The US magazine "Playboy" has announced that it'll stop printing nude photos - to a mix of incredulity and ridicule online. But the German version of the men's magazine makes its own rules.
It sounds like a joke, but the US issue of "Playboy" isn't fooling around: there will beno more naked women
on the pages of the men's magazine come March 2016. The excuse "But I read it for the articles," used by those who are uncomfortable being "caught" with a "Playboy" mag, could soon carry more weight.
The reason for the unforeseen change: there's nudity all over the Internet, so that's not something that sets "Playboy" apart anymore, chief executive Scott Flanders told the "New York Times" for a story published Monday night. He was also quick to add, however, that there will still be provocative photos of pretty women - it's just that the "Bunnies," as the "Playboy" models are known, will wear strategically placed pieces of clothing.
In the revamping process, the magazine will also focus more on the above-mentioned articles - "its tradition of investigative journalism, in-depth interviews and fiction," the "Times" said, quoting "Playboy" editor Cory Jones.
Something definitely has to change for the magazine, which saw its circulation numbers decrease dramatically from 5.6 million in 1975 to around 800,000 at present. Many social media users are still baffled by the move, likely because in the public imagination, naked women are what make "Playboy" "Playboy."
The announcement has made waves all over the world, since "Playboy" is not just sold in the US, but in more than 20 other countries, including Brazil, Croatia and the Philippines. Since conventions on what is accepted vary when it comes to more or less explicit photos, so does the content of the men's magazine. In the Philippines for example, nude photos were never allowed in the first place.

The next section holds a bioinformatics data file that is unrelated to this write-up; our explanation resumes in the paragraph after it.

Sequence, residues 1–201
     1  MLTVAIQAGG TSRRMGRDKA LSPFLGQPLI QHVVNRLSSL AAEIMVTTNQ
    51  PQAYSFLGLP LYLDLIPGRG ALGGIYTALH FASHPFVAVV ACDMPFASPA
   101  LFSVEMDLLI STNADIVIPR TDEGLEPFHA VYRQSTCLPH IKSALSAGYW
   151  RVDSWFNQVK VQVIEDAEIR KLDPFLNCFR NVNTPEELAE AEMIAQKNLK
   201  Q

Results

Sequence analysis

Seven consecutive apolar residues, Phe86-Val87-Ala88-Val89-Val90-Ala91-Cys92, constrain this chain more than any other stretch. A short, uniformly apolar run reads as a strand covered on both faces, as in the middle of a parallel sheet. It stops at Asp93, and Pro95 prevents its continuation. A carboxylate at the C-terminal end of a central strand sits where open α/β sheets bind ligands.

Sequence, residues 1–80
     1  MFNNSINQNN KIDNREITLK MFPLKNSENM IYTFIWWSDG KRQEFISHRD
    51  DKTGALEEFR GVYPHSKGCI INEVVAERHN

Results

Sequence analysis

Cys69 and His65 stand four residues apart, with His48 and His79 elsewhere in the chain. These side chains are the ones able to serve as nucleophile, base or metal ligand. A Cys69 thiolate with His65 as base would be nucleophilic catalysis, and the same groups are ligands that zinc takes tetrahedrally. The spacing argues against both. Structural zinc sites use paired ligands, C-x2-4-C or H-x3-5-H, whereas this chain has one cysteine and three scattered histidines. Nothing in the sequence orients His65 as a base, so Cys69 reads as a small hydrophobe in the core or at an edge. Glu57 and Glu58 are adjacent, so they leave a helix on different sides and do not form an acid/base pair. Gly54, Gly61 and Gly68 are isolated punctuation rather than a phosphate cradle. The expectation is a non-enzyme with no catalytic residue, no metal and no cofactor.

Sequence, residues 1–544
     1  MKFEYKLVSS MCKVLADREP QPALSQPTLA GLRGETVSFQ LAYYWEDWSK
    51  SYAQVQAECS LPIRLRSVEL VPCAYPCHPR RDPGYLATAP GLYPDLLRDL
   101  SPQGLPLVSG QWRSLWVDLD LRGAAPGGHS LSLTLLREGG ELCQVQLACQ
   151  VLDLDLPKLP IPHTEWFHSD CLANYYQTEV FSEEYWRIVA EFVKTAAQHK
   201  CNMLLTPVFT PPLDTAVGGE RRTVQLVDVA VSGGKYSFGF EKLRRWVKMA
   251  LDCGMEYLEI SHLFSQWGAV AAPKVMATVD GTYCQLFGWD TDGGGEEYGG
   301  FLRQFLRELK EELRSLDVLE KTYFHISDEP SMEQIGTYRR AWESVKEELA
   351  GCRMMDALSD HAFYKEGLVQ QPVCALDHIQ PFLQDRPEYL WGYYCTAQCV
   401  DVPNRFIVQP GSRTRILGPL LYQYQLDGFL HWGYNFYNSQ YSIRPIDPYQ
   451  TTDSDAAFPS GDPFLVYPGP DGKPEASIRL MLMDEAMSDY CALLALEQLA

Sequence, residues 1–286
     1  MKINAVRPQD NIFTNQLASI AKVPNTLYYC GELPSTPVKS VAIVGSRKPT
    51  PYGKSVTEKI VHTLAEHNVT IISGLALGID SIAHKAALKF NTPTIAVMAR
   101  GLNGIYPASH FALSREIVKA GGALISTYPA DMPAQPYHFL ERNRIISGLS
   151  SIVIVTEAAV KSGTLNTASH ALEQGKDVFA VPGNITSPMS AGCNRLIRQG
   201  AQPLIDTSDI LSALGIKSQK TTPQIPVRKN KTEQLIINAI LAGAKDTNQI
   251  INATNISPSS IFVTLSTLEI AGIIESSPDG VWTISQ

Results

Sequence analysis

That is not the case in Germany, where "Playboy" has been published since August 1972. In general, sexual conventions tend to be less strict here than they are in the US, while the depiction of violence is more frowned upon. German social media users' reactions to the "Playboy" announcement from across the pond have reflected this.
"These Americans and their issues with nudity, " Facebook member Rasikh commented on the page of "Playboy Germany." "They'll probably still show weapons in the US 'Playboy,' right?"
The famous 'Bild' girl
Germany's most widely read daily newspaper, the tabloid "Bild Zeitung," had a different naked girl on the front page every day for 28 years. It started in March 1984 and lasted until March 2012 - when the paper didn't cease to publish nude photos, but moved them from the front page to the inside of the paper.
According to the reactions of their readers, however, one could have thought the paper had done away with a defining trait. The article that announced the move got almost 500 comments, among them angry ones like "Get rid of Bild altogether then" and "And all of this just because some of your male journalists who don't have a say at home want to please their women by banishing the page-one-girl."
The naked truth
Maybe it is reactions like these that "Playboy Germany" leadership had in mind when they publishedtheir reaction
to the US no-more-nudes announcement on Tuesday.
Under the headline "No change in concept for German 'Playboy,'" the magazine's editor-in-chief Florian Boitin wrote that "the Americans' decision has no bearing on the direction and the design of the German 'Playboy.'"
In other, clearer words: German "playmates" will continue to take their clothes off, as was confirmed to DW by the Facebook administrator for "Playboy Germany." And that other German publication with the famous nude women photos isn't making any changes either.
"We are not thinking about getting rid of that," a "Bild" spokesman told DW. "Everything stays the same at 'Bild.'"
Readership declining in Germany as well
The editors of "Playboy Germany" are sticking to their guns, even though their magazine faces the same issues as the US counterpart. In Germany, too, nudity and porn is accessible on the Internet, and the magazine's circulation numbers are steadily declining as well.
In the fourth quarter of 2009, "Playboy Germany" sold 256,866 issues. By the second quarter of 2015, this number had decreased to 167,700 issues, according to German statistics portal Statista.
Whether the US "Playboy" will actually be able to reverse the downward trend and attract more readers with less nudity remains to be seen.